King’s College Hospital, King’s College London and Ensono Digital have developed a prototype app that aims to help paramedics and clinicians effectively triage patients who suffer a cardiac arrest outside of a hospital setting.

The prototype application assesses the risk of brain damage following a cardiac arrest. It uses a neurological risk score from an algorithm known as MIRACLE2, which is calculated from patient data. Healthcare professionals can then use this information to personalise treatment for the patient.

Ensono Digital, the cloud consulting and managed services business unit of Ensono, worked with clinicians from King’s College Hospital and King’s College London to develop the app over three days during a Microsoft Hackathon.

The app builds on the work of Dr Nilesh Pareek, consultant interventional cardiologist at King’s College Hospital, whose programme of research resulted in the MIRACLE2 algorithm.

He said: “For a long time, I have been concerned about the poor outcomes of out-of-hospital cardiac arrest. In that critical first 72 hours after an incident, care currently looks very similar for most patients, potentially missing the chance for vital investigations into the wider impacts of cardiac arrests on the human body.

“That is why this app, and its ability to personalise care for patients, is so exciting. It is there to potentially support the decision-making of every healthcare professional, from the paramedics who first treat a cardiac arrest patient to the clinicians who receive them at the hospital.”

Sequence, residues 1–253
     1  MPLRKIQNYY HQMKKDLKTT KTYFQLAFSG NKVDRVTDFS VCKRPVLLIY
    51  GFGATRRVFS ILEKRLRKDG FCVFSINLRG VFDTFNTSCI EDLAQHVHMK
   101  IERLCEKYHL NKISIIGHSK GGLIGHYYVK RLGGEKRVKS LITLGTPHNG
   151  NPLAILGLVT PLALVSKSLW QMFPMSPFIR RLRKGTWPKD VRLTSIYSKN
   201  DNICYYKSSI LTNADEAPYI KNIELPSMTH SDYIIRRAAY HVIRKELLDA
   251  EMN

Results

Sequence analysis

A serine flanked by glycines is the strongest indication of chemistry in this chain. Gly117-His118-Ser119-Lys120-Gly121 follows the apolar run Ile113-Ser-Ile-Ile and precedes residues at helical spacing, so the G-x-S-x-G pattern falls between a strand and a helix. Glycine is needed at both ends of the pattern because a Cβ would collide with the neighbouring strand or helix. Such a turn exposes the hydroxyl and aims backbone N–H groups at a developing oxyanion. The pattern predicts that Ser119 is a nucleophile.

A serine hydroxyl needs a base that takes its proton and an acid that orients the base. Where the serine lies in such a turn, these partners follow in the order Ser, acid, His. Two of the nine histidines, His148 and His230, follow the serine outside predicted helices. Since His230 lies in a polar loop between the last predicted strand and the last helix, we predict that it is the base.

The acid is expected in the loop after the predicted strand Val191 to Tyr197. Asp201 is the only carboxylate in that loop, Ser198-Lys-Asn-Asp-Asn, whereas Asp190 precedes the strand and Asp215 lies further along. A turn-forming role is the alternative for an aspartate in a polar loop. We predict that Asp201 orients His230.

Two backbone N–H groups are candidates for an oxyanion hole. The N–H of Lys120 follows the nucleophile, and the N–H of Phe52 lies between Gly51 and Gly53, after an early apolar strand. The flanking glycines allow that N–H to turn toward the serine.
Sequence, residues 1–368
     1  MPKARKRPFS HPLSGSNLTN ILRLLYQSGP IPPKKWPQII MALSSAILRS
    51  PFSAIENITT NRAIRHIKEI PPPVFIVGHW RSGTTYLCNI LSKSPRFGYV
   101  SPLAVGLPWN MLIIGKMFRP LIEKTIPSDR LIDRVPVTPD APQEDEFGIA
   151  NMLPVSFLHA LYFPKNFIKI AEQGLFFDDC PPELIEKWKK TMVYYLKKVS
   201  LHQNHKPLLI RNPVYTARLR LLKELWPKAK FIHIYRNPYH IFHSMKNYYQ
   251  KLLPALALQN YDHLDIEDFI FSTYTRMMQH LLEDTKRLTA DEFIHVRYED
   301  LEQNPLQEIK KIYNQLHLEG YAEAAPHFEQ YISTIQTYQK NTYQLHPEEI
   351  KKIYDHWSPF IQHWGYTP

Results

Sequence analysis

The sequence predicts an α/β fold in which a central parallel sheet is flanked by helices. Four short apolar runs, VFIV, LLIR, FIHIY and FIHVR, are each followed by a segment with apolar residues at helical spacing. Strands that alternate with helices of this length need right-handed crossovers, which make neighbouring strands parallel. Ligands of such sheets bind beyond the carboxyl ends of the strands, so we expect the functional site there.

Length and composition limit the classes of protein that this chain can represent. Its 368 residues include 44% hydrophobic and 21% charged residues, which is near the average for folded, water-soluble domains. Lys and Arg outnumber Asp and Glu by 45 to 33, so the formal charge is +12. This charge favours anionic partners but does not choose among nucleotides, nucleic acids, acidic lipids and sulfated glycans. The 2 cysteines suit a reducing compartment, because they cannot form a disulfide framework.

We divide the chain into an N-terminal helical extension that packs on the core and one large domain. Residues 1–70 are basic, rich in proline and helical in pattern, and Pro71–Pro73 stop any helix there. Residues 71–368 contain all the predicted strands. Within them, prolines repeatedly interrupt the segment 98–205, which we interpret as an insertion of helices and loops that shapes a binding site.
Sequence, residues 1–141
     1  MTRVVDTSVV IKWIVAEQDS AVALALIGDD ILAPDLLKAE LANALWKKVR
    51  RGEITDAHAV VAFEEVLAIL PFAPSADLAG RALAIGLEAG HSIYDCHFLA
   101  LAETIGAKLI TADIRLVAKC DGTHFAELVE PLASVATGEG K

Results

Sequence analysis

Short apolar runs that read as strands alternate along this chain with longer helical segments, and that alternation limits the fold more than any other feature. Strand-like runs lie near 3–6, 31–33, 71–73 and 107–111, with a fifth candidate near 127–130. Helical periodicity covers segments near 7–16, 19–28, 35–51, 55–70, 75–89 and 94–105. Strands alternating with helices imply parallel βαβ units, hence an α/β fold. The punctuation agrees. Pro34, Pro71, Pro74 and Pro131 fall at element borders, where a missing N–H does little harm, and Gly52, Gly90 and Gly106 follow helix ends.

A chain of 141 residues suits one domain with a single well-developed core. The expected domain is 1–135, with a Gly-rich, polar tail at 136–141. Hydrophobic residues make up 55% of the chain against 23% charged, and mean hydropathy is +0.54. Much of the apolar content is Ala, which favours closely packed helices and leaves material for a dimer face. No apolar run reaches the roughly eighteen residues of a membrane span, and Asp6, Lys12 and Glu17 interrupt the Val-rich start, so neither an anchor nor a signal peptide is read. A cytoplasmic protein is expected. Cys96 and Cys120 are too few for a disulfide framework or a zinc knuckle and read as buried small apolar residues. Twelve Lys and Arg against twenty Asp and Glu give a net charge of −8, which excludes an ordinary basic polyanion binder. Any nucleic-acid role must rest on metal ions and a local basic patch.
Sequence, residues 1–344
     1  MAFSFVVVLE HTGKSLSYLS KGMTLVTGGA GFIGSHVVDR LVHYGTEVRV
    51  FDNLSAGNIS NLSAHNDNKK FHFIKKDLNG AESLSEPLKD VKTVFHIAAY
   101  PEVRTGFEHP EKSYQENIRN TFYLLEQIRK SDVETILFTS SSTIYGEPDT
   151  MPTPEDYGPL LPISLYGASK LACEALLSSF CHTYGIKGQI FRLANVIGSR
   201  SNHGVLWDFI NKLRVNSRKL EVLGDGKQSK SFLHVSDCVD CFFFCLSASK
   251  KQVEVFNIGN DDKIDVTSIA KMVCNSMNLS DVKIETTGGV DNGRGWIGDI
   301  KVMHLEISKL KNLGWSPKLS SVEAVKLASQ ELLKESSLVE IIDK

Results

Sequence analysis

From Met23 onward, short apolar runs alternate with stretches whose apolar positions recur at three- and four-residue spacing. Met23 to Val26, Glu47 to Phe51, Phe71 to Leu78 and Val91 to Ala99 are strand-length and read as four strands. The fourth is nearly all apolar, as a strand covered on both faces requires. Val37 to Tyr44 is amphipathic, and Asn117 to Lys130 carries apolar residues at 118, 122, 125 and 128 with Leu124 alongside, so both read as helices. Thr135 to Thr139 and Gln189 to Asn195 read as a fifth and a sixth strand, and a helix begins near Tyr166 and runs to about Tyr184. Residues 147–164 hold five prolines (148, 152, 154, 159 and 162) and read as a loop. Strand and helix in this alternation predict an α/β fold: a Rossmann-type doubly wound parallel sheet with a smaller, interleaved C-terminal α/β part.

Although the app remains in development and is not currently available for clinical use, the aim is to eventually make the MIRACLE2 algorithm accessible and useable for clinicians via the app.

Patient data would be inputted into the app, such as age, ECG scores and heart rhythm. The algorithm would then use this information to calculate the risk score for a poor neurological outcome.

Pareek continued: “Care in the future might be shaped to the patient’s needs: someone with a high risk of a poor neurological outcome, for example, might be treated with targeted and rapid intervention to reduce damage to the brain.

“Of course, there is more value we can add to the application, but we’re now one step closer to realising how this initiative can deliver better patient outcomes for the UK healthcare system.”

The continuing development of the app will see it circulated with cardiologists at King’s College Hospital to gain user feedback.

Steve Jones, engagement director at Ensono Digital, said: “Over the three days, we worked with Dr Pareek to move this from an idea to a tangible app – working alongside cardiologists, predictive modellers and statisticians to produce real world results.

“We look forward to deepening this collaboration as we continue to develop the application and create a solution that has the potential to transform the delivery of care for cardiac arrest patients.”

Digital interventions and initiatives are very much on King’s College Hospital’s radar. Its yearly action plan, published mid last year, includes a focus on being digitally-enabled to support high quality care.